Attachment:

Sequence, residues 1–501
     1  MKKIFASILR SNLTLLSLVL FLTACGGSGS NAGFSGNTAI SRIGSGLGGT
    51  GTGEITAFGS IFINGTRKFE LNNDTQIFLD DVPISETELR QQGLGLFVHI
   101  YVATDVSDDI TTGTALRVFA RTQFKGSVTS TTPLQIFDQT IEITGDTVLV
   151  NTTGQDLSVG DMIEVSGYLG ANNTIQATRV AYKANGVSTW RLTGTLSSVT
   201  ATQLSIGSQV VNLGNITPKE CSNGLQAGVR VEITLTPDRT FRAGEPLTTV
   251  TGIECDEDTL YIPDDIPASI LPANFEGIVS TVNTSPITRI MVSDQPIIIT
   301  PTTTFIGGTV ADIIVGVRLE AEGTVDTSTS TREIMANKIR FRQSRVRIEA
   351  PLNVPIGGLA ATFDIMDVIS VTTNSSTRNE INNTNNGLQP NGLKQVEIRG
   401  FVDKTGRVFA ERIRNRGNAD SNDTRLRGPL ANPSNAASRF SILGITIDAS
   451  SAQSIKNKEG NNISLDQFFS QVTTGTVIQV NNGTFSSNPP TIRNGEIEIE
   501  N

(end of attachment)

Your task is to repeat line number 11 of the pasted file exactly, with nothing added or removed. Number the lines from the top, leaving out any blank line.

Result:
   451  SAQSIKNKEG NNISLDQFFS QVTTGTVIQV NNGTFSSNPP TIRNGEIEIE